What constitutes trad surf? After all, a lot of the bands on here won't often be mistaken for 60's recordings, there's definitely kind of a modern trad sound. Without getting too deep into it, these bands love that surf sound. Some bands would rather be called instro, not something as limiting as surf. Not a problem for these guys. I think of it this way: You, trad surf artist, walk up to the lunch lady wearing your baby blue suit:
You: "I'll have the Surf, hold the turf"
Her: "Would you like reverb with that?"
You: "Yes please, I want it to drip off my plate, that's how bad I want it."
Her: "Would you like distortion with that?"
You: "Uh... do you mean like a Davie Allan Fuzz?"
Her: "Sure we got that. How about spy?"
You: "A little"
You: "I'll try it"
There were a LOT of great bands that I think fell into this category this year, but all of the ones I'm mentioning here immediately grabbed my attention and didn't let go. They're all exceptional, and it's hard to choose between them.
13th Magic Skull - Brave Coast Wild Recordings
These guys left a big impression on me last year with Sungazing in Rapa Nui and wasted no time making a followup. It's as fun as surf ought to be, forcing me into some embarrassingly active foot-stomping situations while listening at work. I love the album art, I love the sound of it, but mostly importantly "Eta Carinae" is one of my favorite songs this year. It's powerful, huge, has some pretty memorable riffs, starts like a fun romper then grabs you and pulls you into something serious.
Burt Rocket - Fiberglass Frenzy
To be honest, Burt's first album Savage Iceland registered as a bit of a dud to me. Maybe I need to give it another shot. But here we are with his sophomore effort in the top 4 trad surf records this year. It seems more energetic, bigger and more fun! Burt is probably the most authentic of the bunch, much more riff-based with recognizable and memorable melodies and song structures. On some of these songs the guitar tone is about as wet as it gets, but there's actually a pretty good range of styles (though mostly within the expected off-shoots closely associated with surf).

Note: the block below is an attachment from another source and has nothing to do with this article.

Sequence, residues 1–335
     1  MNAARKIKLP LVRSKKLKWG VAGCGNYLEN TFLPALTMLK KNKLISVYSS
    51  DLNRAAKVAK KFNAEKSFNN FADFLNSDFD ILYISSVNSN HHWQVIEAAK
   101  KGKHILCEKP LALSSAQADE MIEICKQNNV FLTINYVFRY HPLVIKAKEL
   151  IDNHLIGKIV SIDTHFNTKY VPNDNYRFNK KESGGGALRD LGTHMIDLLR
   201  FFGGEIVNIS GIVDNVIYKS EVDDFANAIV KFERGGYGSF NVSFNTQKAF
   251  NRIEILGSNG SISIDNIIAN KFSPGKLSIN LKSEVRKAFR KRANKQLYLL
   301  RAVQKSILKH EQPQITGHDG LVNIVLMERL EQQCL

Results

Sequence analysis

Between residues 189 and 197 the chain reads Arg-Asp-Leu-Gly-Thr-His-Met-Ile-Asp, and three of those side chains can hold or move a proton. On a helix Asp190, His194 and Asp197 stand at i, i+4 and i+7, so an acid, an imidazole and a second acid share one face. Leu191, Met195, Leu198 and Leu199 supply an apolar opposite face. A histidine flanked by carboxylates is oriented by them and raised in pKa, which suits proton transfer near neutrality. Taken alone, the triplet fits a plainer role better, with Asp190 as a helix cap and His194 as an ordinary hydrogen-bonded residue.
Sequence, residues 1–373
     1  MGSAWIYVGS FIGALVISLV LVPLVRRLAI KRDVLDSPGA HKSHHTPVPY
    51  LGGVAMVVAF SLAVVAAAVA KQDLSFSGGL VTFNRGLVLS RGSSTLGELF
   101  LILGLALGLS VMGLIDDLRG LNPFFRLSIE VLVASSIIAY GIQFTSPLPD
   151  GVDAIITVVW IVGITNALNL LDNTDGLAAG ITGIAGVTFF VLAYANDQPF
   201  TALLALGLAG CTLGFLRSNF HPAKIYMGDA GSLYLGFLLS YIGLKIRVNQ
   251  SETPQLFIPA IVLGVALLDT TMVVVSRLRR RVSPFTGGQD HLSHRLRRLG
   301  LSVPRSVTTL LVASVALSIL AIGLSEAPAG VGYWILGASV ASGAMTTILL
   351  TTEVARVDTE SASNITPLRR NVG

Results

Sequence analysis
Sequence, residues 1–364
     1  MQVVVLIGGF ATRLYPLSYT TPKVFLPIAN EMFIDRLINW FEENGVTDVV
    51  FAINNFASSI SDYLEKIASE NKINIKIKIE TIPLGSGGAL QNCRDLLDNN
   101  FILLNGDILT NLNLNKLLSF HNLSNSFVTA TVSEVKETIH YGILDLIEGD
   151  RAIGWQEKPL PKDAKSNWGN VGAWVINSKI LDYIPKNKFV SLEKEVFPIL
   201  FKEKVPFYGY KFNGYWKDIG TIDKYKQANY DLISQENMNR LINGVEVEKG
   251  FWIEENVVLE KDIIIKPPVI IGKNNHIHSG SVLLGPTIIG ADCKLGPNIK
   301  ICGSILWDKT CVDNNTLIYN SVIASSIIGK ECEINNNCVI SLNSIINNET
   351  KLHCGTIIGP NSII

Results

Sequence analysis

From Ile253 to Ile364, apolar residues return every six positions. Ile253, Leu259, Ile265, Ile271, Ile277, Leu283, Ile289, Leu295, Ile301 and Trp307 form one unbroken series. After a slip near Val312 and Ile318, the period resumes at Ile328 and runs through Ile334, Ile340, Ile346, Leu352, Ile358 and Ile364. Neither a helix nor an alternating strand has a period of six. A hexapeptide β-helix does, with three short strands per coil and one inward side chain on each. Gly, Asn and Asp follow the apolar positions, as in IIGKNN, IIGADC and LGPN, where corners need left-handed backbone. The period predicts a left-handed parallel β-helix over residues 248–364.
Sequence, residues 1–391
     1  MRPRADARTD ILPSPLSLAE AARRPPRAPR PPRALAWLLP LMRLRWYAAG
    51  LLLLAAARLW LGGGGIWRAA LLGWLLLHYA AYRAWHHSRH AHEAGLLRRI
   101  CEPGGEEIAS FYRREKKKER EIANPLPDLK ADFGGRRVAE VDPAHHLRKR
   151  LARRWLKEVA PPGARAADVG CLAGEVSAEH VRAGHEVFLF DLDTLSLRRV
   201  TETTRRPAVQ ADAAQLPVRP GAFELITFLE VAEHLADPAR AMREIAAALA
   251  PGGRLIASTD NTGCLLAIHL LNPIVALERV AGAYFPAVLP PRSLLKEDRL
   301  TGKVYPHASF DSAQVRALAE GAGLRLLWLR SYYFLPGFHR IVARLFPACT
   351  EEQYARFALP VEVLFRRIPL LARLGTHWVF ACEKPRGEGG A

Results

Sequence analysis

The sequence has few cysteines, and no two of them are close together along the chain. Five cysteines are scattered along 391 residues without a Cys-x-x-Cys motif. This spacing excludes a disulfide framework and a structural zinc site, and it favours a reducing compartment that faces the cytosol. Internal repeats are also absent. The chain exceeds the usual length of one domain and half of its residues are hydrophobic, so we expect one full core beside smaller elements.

Diabolico Coupé - Little Carmine
This record officially releases on the 18th, but the digital version has been up since the 11th. Does that hurt a great album or does it help me remember that it's there? Not sure which, but I really think this would be on here regardless. There are three keys to success here. One: the saxophone. Modern groups don't embrace it like the older groups did, but this is about as tasteful as it gets. It absolutely adds to the experience, and definitely comes into play in factor number two: all instruments are equally as well. Sometimes the saxophone takes the lead (Sax on a Link Wray cover? It works!) but sometimes it supports. Sometimes the rhythm guitar does something really surprising and interesting that takes the song to the next level. These aren't songs that follow a lead of one guitar: it's a five-man orchestra. Which wouldn't be possible without factor three: beautiful recording. Each instrument has room to breathe and sounds as full as it should. Don't let this one past you.
And the Gremmy for Best Trad Album goes to
Los Feneticos - El Sonido Que Perdura
Like Diabolico Coupé, I've barely had time to get acquainted with this record, but I know I'm going to want to get to know it better. This is probably the one on this list that strays furthest from the path, but the heart of this record is pure surf along with everything that means to us. What set this one (slightly) above the others is that it's the best one to listen to start-to-finish, with a wide range of memorable melodies, moods, instruments, ideas and durn good songs. As I said when it was released, I really didn't expect something like this from these guys, but they came out with something special.